Wednesday, July 06, 2005

On Calling a Nut a Nut

I have been told that yesterday Regina Griggs, President of PFOX, complained on a radio show about my reference on this blog to Peter Sprigg as a "nut." I am only too happy to explain my use of that word.

What is a "nut?" In common usage, the word "nut" is reserved for people who are mentally unbalanced, but do not meet the criteria of mental illness. For instance, a person who is obsessed with a topic is referred to as a nut -- we talk about model-airplane nuts, health nuts, computer nuts, etc., because they are obsessed with something to a degree that other people do not share, but they do not seem to be neurotic or psychotic. There are religious nuts who have strong convictions that are not shared by others, political nuts who hold strong and idiosyncratic political opinions, conspiracy-theory nuts are a favorite category of nuts, being people who connect the dots in a different way from the rest of us.

Some nuts are lovable, some are scary. The really scary ones end up getting a more serious label, something from the DSM, and I don't think really crazy people are usually referred to as nuts. Well, maybe you could say, "He used to be a nice guy, but he went nuts." But, "He's the nut who killed eighteen people with a rusty machete?" No, that's not a nut, that's a maniac. The guy who pays his mortgage in pennies: a nut -- see how that works?

One of the characteristics of a nut is that they express their nuttiness openly and frequently. A person who thinks that the President is a communist, for instance, is not a nut if he harbors this belief privately, if he just sits in front of the TV in his Laz-E-Boy, thinking, I'll bet the President is a communist. He is a nut, though, if he stands on street-corners with a sign saying "The President is a communist," and organizes anti-communist-President marches.

Look -- could you do what Peter Sprigg does? Could you write a 176-page book called Outrage: How Gay Activists and Liberal Judges Are Trashing Democracy to Redefine Marriage? Could you fill a whole book with stuff about gay people, and call it Getting it Straight: What the Research Shows about Homosexuality? The other question: would you? Would you want to go to work every morning to talk with people all day about how bad gay people are, to write about gay people and how terrible they are, to go out and give speeches about how bad it is that there are gay people? Would you go around telling everybody that SpongeBob SquarePants was promoting homosexuality? Do you have a desire to go on TV and on the radio and talk to reporters, telling everybody about gay people and the evil they bring to this world?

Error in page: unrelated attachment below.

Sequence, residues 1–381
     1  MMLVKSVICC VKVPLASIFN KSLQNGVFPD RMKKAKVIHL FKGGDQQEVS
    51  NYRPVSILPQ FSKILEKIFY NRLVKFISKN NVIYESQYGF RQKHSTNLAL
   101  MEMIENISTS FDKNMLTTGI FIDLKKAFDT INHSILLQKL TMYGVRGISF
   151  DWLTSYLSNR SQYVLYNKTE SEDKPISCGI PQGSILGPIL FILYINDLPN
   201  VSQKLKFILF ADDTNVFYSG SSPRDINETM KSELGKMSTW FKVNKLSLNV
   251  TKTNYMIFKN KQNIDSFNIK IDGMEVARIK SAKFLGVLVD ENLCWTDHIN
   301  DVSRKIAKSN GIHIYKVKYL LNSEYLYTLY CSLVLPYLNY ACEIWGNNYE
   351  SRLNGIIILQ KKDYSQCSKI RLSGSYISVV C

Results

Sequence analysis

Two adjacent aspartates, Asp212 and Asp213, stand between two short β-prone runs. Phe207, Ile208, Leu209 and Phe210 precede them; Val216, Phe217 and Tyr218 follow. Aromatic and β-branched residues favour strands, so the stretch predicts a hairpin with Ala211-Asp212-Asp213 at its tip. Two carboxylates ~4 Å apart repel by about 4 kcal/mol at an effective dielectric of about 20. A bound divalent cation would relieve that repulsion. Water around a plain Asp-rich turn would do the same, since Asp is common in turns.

Is there something about the word "nut" that doesn't fit?

I have said before, in discussing the sexual orientation section of the MCPS sex-ed curriculum, that life is not about gay people. Statistically they make up a small proportion of the population, the exact proportion depends on your definition. Nobody seems to really know why somebody turns out gay, but it happens. And there really isn't any good reason to hold that against a person, that they turned out to be gay. There's no way that gay people falling in love with each other really threatens anybody else's family. And if gay people have problems, that seems to me to be evidence that they might need a little help, not more proof that they are bad people. It just happens that some people are gay, and though we don't know the exact numbers, everybody's estimates -- even Peter Sprigg's -- give a greater than fifty percent chance that there is a gay kid in any classroom of thirty students. So it's statistically rare, but not that rare, not so rare you can pretend it doesn't exist.

I understand that a lot of straight people are uncomfortable with gay people. Can't imagine doing it, don't like to think about it. It would be nice if those people would lighten up and get over it, but you can't hold it against them, it is really only in the last decade or two that gay people could be open about it in public. People who find it unupleasant are not necessarily nuts, people who believe it's immoral are mostly just repeating what they've been told, and never gave it a thought, and most of them don't intend to.

But here and there are people who find gay people to be the most ... interesting ... thing in the world. They hate them, but they just can't seem to stop thinking about them.

Do we need a special theory of psychology, or a special diagnostic category, to explain that? Naw, I don't think so. There are all kinds of nuts in this crazy world. And sometimes you gotta call them what they are.


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